Introduction, Specifications, and Pricing
We don't hear a lot from hard disk drive companies these days, at least not from the actual drive side. Seagate recently released updated the Guardian Series models with the 2018 update. The annual update is similar to what happened last year, a capacity increase and another step away from the competition.
The Guardian Series splits into three consumer-facing product lines, Barracuda, IronWolf, and Skyhawk. Today we're looking at the IronWolf line that actually splits again with Pro and non-Pro models. Now that we got past the complicated breakdown on what we're actually talking about today, we can talk about what's new.
14TB with eight platters is the news this month. It's a 2TB increase over the 12TB released last year but there is a little more to the story. The first thing to know is that Seagate got sick of everyone claiming drive failures and overbuilt the Guardian Series products. That's not to say the Helium-filled drives can't fail, it's just very rare when they do.
Overbuilding these drives has allowed Seagate to quickly ramp up capacities. Not only have we seen this in practice, but also in roadmaps and hardware on display that points to clear progress to 20TB and beyond.
As we mentioned, IronWolf splits into two paths based on the number of drives in your system. The base IronWolf series features algorithms to combat vibration in systems with up to eight drives. Going above eight drives in the system requires the IronWolf Pro. This series supports between one and twenty-four drives in a single system.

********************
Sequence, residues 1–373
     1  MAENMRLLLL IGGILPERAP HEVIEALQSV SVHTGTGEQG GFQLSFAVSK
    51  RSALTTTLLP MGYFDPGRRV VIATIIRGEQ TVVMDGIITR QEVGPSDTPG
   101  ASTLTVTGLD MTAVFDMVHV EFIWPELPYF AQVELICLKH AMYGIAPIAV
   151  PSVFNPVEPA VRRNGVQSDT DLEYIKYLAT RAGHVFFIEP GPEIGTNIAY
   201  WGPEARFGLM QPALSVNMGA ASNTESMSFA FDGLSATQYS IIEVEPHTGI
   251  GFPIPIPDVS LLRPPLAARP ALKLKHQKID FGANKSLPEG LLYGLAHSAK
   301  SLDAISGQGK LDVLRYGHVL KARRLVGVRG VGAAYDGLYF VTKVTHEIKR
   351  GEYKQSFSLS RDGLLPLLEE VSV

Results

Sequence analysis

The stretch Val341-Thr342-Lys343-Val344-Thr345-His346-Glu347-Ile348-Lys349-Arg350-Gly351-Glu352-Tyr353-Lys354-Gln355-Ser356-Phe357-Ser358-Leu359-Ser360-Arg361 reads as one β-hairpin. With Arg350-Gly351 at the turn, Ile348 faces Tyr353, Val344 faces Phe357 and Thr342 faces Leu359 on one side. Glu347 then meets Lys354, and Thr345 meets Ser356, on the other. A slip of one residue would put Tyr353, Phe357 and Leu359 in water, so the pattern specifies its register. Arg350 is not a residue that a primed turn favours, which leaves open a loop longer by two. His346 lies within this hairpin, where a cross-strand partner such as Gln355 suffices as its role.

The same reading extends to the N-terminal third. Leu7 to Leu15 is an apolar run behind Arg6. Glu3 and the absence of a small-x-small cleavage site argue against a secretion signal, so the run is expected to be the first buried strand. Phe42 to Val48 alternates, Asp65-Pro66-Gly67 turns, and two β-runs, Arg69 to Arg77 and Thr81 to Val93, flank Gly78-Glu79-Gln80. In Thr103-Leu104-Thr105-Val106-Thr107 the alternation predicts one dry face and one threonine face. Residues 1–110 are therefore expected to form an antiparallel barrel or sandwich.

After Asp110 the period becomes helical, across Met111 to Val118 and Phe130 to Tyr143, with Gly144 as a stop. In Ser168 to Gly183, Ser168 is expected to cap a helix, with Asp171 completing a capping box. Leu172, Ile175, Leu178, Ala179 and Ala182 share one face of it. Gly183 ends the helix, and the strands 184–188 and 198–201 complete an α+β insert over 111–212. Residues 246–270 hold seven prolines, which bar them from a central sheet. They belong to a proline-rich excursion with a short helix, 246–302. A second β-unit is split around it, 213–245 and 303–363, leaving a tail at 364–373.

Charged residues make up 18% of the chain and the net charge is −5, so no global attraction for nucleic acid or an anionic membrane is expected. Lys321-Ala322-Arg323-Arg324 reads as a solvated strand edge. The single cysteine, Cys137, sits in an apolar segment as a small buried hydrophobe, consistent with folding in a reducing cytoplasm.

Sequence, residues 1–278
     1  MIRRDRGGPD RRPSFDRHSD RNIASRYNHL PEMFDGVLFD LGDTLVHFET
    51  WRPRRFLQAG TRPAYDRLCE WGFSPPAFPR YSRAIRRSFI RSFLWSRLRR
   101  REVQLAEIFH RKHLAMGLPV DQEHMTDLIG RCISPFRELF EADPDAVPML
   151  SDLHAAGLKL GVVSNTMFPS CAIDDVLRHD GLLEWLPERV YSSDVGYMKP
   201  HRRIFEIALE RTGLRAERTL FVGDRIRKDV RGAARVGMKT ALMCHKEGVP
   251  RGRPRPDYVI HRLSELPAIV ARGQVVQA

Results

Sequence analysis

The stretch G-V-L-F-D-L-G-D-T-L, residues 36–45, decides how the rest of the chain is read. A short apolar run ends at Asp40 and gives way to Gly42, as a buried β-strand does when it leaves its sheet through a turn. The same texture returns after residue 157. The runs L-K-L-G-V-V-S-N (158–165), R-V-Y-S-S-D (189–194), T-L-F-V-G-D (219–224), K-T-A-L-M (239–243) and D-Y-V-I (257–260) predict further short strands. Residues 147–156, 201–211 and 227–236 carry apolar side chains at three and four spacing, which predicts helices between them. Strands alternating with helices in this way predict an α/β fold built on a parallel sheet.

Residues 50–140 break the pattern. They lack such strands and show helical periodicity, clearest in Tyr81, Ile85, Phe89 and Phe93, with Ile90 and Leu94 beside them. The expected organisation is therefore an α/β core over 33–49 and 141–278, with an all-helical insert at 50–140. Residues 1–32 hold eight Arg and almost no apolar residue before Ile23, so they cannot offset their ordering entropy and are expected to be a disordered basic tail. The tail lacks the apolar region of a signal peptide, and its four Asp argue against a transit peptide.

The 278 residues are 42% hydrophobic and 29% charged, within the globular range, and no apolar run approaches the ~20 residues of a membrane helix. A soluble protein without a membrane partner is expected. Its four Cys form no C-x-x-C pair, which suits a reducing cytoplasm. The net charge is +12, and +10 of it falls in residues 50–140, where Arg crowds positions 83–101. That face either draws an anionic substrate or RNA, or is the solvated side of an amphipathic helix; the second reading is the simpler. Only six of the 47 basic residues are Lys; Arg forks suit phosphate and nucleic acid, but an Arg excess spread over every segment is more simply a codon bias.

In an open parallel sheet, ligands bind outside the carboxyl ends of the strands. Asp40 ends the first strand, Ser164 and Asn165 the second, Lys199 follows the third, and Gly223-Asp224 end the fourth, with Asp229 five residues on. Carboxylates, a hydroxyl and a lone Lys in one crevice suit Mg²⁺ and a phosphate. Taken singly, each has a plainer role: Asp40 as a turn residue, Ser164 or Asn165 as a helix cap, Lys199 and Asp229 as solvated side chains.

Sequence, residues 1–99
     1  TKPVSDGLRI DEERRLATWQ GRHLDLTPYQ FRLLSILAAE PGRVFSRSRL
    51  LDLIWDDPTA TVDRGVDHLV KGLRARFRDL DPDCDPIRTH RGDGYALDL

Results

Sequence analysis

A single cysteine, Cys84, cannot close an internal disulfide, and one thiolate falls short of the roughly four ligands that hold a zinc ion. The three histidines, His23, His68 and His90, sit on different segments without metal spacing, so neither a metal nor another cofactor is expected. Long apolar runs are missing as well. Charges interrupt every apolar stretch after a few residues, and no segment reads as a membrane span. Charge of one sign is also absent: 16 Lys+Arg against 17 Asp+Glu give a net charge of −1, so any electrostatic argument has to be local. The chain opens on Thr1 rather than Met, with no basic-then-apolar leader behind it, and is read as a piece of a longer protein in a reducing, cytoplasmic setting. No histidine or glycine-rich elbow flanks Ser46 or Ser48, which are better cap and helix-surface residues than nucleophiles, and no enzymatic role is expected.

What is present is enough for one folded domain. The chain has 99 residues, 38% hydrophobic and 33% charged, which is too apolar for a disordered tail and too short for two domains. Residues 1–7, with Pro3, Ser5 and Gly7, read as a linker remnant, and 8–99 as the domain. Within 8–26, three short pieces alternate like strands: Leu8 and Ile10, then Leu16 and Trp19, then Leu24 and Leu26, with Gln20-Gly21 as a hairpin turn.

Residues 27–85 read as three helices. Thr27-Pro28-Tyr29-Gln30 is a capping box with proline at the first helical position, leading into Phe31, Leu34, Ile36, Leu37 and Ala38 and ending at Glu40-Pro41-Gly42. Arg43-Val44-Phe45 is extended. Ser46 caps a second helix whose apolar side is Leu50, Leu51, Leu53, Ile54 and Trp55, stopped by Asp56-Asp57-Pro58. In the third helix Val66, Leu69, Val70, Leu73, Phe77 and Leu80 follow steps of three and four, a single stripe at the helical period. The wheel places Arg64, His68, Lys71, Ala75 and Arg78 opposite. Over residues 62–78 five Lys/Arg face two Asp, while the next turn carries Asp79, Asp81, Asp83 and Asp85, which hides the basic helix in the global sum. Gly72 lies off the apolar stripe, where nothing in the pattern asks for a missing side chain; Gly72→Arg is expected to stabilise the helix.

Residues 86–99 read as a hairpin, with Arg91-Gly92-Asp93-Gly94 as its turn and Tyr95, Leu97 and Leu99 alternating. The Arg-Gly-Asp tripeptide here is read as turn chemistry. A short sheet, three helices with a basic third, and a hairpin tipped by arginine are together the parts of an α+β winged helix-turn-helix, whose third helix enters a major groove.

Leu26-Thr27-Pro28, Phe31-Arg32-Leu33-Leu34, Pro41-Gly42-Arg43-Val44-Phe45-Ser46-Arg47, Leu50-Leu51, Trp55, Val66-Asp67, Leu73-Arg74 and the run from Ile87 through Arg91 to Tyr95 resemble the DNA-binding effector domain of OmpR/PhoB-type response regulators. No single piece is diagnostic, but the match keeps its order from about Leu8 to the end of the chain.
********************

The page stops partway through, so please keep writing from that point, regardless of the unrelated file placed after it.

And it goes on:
Both series use 7,200 RPM platters and this is an important fact. Seagate's larger IronWolf drives all use 7,200 RMP platters when many of the other companies still use 5,400 RPM platters on the lower series, like the WD Red (5,400) and WD Red Pro (7,200). Both drives also use a large 256MB DRAM buffer in the 14TB capacity.
The differences don't stop there, at least on the specification sheet. The information released by Seagate states the 14TB IronWolf Pro delivers up to 250 MB/s sequential read and write performance. The base IronWolf only delivers up to 210 MB/s (per the specifications) but we found both to be equal in our desktop testing.
Seagate's AgileArray technology is a suite of features designed to provide a better user experience. Here's how the company describes the features:
NAS-optimized hard drive Iron:
Wolf Health Management in compatible NAS systems continuously helps to safeguard the health of your data
Drive balance with Rotational Vibration (RV) sensors manages multi-bay vibration for long-term consistent performance and reliability. RAID performance optimized that maximizes responsiveness and uptime with NAS-aware Error Recovery Control
Advanced power management saves energy and delivers the right power at the right time
The features go beyond the specification sheet. For instance, Seagate attaches the spindle to both the top and bottom of the case to improve stability. The drives also support the ATA-8 streaming command set for increased performance with large sequential transfers. The technology allows the IronWolf to handle up to 64 data streams simultaneously.
AgileArray also features optimized power management that provides a faster response time while also reducing power consumption.
Pricing, Warranty, And Endurance
The IronWolf 14TB sells today for $499 per drive. The IronWolf Pro model with support for up to 24-drives in a system/server sells today for $569.99 each.
The base model ships with a standard 3-year warranty that includes support to write up to 180 TB per year and carries a 1 million hour MTBF. The 14TB Pro increases the warranty to 5-years and increases the endurance to a massive 300 TB per year. The MTBF increases to 1.2 million hours.